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Isaac Bachman, Israel's Ambassador to Sweden

Israel’s Ambassador to Sweden, Isaac Bachman, said that he was very happy to receive a request for an interview from Swedish public radio Sveriges. The interview to discuss anti-Semitism in Europe took place on Tuesday, Feb. 17. The interview threatened to cause a national furor until this diplomat deftly turned a rotten lemon into delicious lemonade.

“It is not very common for the media to ask official representatives of Israel, people who can actually speak on behalf of the state,” Ambassador Bachman told The Jewish Press during a phone interview Wednesday evening, Feb. 18.


“I went to the studio, knowing that the topics we would be discussing included the recent terrorist attacks in which Jews were targeted and killed in Paris and Copenhagen, as well as Prime Minister Netanyahu’s call for Jews to make Aliyah,” he said.

Helena Groll, the Swedish journalist, started the interview by asking Bachman what he thought about Netanyahu’s call for Jews to leave Europe.

“I explained that Aliyah was not part of my work here, neither before such tragedies as took place in Paris and Copenhagen, or after. My job is not to convince the Jewish population to move to Israel,” Bachman told The Jewish Press, “I said people know that Aliyah is an option that is valid, one that exists and is open to them at any time.”

The next question from Groll was far more problematic.

The Swedish journalist asked the Israeli Ambassador: “Do the Jews themselves have any responsibility in the growing anti-Semitism that we see now?”

“My response?” Bachman said, “I told her ‘I reject this question completely.'”

“But she did not grab this chance to move on,” Bachman said. “She failed to grab this opportunity to retreat.”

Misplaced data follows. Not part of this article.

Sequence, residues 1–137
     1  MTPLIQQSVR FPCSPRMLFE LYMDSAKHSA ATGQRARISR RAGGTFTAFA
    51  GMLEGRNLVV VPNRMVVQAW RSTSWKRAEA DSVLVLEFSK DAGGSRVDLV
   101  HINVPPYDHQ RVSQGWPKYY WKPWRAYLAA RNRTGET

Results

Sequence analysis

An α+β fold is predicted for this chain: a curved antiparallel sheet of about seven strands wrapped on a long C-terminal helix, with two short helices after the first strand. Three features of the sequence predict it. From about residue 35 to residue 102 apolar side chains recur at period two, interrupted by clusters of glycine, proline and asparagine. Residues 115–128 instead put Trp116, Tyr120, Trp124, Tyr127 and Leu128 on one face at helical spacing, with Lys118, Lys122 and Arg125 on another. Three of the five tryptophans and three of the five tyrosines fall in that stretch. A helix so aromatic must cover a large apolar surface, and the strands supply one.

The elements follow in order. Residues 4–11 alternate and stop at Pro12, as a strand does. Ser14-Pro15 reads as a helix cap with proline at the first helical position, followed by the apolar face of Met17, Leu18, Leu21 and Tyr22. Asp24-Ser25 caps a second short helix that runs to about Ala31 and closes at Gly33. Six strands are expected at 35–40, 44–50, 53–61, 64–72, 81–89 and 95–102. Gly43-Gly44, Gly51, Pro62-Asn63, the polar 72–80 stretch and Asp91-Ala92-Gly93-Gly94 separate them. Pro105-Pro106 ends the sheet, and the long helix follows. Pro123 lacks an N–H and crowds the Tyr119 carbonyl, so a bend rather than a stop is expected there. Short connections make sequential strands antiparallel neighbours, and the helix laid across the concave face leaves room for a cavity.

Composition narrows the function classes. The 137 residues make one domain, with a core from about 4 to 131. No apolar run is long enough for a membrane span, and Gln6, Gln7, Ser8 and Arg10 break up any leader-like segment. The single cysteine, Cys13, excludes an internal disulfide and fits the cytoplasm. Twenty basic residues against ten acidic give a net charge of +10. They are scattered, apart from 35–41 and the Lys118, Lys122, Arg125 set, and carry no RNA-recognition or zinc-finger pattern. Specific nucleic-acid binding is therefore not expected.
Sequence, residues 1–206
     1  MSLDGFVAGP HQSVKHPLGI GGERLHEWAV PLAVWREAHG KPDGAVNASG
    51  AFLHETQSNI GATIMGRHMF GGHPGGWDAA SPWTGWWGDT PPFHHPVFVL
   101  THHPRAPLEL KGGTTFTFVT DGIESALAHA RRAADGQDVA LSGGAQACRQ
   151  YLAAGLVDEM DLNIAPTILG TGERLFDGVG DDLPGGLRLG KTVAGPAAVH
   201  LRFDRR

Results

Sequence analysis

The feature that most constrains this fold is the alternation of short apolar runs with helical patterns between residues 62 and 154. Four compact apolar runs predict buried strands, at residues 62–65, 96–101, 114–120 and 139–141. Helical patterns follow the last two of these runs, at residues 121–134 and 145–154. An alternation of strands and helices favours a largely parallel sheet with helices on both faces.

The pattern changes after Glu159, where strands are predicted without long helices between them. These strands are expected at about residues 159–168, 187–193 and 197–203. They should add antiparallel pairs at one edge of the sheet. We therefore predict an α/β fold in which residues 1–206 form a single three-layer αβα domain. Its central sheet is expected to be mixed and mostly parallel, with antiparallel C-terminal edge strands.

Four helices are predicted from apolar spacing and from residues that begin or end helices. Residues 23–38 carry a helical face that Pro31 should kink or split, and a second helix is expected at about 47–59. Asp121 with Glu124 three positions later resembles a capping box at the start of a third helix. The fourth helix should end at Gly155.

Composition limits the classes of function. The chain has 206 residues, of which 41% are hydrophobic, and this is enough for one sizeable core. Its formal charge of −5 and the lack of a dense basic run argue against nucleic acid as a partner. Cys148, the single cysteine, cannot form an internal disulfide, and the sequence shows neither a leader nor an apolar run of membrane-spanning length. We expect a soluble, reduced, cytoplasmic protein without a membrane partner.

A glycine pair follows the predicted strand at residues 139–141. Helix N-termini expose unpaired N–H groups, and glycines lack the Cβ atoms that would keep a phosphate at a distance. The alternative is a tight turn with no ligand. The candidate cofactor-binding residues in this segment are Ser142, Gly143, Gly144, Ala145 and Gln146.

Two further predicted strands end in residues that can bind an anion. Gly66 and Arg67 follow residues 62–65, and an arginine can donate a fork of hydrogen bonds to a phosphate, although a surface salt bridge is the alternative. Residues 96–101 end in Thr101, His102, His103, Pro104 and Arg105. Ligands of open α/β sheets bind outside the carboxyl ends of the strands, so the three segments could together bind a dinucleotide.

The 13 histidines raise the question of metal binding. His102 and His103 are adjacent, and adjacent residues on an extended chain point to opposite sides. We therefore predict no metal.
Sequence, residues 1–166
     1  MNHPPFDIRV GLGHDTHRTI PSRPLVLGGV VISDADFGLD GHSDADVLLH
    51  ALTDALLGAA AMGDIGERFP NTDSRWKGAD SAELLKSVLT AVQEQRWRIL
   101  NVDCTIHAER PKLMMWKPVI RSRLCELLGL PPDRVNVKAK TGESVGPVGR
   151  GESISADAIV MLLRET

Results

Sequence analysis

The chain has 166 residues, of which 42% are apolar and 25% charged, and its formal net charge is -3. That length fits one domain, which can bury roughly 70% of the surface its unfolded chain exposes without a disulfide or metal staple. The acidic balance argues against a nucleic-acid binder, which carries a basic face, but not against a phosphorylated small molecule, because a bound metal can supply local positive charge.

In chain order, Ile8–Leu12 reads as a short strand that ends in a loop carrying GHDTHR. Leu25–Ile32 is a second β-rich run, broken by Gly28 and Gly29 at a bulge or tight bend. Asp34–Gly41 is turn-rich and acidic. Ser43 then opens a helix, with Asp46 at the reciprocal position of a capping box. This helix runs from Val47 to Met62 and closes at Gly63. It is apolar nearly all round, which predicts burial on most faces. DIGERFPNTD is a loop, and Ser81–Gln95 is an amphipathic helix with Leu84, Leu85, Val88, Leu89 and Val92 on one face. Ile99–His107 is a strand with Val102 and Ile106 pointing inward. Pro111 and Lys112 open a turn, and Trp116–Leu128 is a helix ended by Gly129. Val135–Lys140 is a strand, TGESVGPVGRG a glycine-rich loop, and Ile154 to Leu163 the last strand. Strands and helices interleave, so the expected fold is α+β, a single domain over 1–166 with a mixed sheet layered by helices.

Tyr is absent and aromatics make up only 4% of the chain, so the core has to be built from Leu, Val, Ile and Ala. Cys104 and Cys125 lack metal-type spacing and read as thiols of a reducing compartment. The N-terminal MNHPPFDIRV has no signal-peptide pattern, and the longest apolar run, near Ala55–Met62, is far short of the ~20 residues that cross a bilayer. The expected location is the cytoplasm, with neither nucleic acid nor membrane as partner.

Indeed, Groll kept shooting, “why?” when Bachman responded that “there is no place for such a question to be asked.”

As Groll began talking over Bachman, asking him to “tell me then, explore with me why is that a question of…” Bachman finally silenced her, by putting the situation in terms that she would be better able to understand.

He said, his voice becoming firmer and louder until Groll finally stopped talking: “To ask the question of whether a woman contributes to being raped is irrelevant altogether. I don’t think there is a provocation that the Jews are doing. They just exist.”

Listen to the radio interview, then keep reading:

The Ambassador said that after his portion of the interview, he went out quietly, and the interview continued with others participating.

It was not until later, when people in Sweden heard the interview, that a huge uproar ensued.

“I don’t think the journalist really had any idea that what she was asking was problematic,” Bachman told The Jewish Press, “her question was reflective of a particular view that is, unfortunately, widespread.”

Bachman said that what he sees in Europe is a melding of the old-style European anti-Semitism, which never really completely sank below the surface, with a new, less traditional and more political hatred of Israel.

The ambassador to Sweden told The Jewish Press that Helena Groll called him this morning and apologized. In response to our question, he said he truly believed that she is now authentically, genuinely more aware of the situation and conscious of the dangers behind the kind of question she asked him.

Bachman also said that he was at the Swedish Parliament yesterday. Not only were people talking about the interview, Bachman said, but many came up to him and apologized on behalf of the Swedish people.

Hanif Bali, a Swedish parliamentarian and member of the Swedish-Israeli Friendship coalition in parliament posted about the interview on his Facebook page.


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Lori Lowenthal Marcus is a contributor to the A graduate of Harvard Law School, she previously practiced First Amendment law and taught in Philadelphia-area graduate and law schools. You can reach her by email: [email protected]